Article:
What’s new in the San Francisco rental market since the pandemic?
Finding a place to rent in San Francisco now is a different proposition than it was back in February 2020.The pandemic was a game changer in the real estate industry. Ever since, the world has had to change and adapt to new ways of operating for the foreseeable future.
The changes in work setup and lifestyles gave people the upper hand in choosing where to live. People continue to move out of San Francisco either by choice or by necessity. They cannot enjoy the city amenities because of health restrictions, and feel that it makes no sense to pay high rent because of that.
In this report, we will discuss the current state of renting in San Francisco and what that means for people who are looking to move to the city.
People Are Moving Out of The County
Many are now leaving San Francisco. It shows an unprecedented drop in the city’s rental prices, roughly 20%, compared to a year ago, according to Zumper. This is also the first time they have recorded rent prices of median homes to go below $3,000.
There are now fewer people moving into San Francisco compared to New York City. Because of this, Zumper predicts that New York City may overtake San Francisco as the most expensive city in the country.
Preferred Home Improvements
Home improvement influences the trend in migration. One of the key drivers of all this movement is looking for more space at home. Rich Barton, the CEO of Zillow, recently said in Zillow’s Q2 quarterly earnings call:
“Zoom meetings are changing the way families think about space and privacy. Home offices are in high demand. Backyards are more desirable than parks and gyms. Work-from-home policies are eliminating the commute for many.”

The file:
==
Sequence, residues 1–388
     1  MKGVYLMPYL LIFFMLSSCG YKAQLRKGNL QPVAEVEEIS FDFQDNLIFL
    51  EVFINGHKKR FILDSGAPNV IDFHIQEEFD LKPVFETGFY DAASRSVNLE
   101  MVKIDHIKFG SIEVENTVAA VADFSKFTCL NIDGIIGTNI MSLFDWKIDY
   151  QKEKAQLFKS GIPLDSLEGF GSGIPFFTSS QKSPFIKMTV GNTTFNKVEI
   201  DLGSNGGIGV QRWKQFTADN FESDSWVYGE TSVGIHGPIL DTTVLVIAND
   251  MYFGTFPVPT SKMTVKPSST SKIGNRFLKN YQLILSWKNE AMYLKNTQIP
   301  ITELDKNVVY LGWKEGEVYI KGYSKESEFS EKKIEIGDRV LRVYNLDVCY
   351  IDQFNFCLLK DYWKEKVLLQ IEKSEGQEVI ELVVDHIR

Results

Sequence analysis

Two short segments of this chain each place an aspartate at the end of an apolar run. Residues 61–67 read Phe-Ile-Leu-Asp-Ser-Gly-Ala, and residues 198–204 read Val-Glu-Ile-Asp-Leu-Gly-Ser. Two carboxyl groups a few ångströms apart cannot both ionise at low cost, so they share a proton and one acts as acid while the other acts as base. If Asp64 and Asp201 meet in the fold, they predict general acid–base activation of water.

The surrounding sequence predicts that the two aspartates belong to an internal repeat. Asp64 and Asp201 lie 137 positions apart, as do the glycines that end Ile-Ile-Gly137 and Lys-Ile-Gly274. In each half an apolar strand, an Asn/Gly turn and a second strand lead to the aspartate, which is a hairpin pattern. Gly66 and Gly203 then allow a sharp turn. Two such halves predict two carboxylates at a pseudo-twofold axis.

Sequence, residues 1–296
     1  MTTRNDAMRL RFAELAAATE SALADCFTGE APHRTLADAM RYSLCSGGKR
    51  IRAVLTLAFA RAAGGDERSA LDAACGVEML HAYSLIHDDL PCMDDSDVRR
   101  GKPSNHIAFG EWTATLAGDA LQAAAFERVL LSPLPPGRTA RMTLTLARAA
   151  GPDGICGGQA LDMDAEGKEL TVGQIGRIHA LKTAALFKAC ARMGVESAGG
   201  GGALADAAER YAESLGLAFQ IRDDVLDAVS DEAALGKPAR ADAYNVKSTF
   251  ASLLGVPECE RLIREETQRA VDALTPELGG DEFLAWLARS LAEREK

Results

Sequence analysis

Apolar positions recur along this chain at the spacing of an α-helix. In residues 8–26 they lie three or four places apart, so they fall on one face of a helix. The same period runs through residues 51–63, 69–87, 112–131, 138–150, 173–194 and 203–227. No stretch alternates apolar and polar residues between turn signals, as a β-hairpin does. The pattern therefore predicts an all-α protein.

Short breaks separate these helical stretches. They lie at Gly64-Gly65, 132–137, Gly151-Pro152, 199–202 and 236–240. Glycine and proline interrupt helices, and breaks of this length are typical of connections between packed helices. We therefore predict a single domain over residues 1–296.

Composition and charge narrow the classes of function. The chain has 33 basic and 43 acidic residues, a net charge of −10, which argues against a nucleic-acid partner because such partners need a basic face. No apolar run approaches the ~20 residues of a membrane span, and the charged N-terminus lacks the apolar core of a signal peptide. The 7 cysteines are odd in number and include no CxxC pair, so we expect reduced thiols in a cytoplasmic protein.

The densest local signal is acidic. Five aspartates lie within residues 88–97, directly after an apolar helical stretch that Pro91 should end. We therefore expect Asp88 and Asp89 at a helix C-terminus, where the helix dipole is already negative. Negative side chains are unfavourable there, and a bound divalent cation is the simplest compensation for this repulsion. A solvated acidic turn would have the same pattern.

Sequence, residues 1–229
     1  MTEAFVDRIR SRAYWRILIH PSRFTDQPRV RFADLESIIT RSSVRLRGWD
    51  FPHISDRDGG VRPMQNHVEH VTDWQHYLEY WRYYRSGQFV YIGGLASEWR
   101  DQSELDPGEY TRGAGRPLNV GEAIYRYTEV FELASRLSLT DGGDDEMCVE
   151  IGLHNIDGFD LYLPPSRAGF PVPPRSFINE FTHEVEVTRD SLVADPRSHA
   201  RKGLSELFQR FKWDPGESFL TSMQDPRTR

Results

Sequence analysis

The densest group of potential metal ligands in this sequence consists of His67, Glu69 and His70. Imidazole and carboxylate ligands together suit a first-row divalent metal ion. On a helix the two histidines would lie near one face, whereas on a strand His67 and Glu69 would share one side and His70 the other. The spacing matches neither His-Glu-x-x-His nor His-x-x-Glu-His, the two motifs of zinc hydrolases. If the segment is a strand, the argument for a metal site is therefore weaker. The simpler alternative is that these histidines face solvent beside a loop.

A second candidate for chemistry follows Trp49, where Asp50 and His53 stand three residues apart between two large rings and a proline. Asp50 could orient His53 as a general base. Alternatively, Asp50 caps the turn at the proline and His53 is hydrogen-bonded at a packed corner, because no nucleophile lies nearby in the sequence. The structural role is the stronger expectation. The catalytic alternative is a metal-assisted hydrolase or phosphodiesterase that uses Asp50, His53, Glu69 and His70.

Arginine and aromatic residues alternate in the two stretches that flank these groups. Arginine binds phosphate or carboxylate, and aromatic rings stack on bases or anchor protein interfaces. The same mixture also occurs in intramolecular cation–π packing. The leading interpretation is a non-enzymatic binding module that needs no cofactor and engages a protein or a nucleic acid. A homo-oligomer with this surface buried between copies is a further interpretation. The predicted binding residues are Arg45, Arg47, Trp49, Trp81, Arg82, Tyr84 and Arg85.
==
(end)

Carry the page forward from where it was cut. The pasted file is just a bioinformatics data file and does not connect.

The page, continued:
Professionals adapting to this new work setup where the home has become their new workplace.
Small spaces feel constricting and make it hard to separate home and work life. With a bigger space, spare rooms become home offices and classrooms. A backyard can also offer a space to work with an outdoor feel and without the danger of getting infected.
Rental homes near public transit are no longer a top priority. Many big tech companies in San Francisco are allowing employees to continue working from home. Google and Facebook allow their employees to work from home until July 2021, and permanently in the future for Twitter employees.
Another indication that people are moving out of San Francisco is the city’s sales tax revenues. Between April and June 2020, San Francisco’s sales tax revenues dropped a whopping 43% to $30.8 million compared to last year. Restaurant and bar sales were down 65%, while Los Angeles and San Diego have seen increases in each of these areas.
Avoiding The Risk of Wildfires in Northern California
California experiences a large number of damaging wildfires every year between August and October. Most prone to such damage is the surrounding Bay Area in Northern California.
In 2020, more than 4 million acres of land burned in California wildfires, displacing many people from their homes and forcing them to move elsewhere.
Because of the risk and damage, it was recently announced that residents of 8 Northern California counties are now eligible to apply for federal grants and low-interest loans to cover uninsured losses that were caused by the wildfires.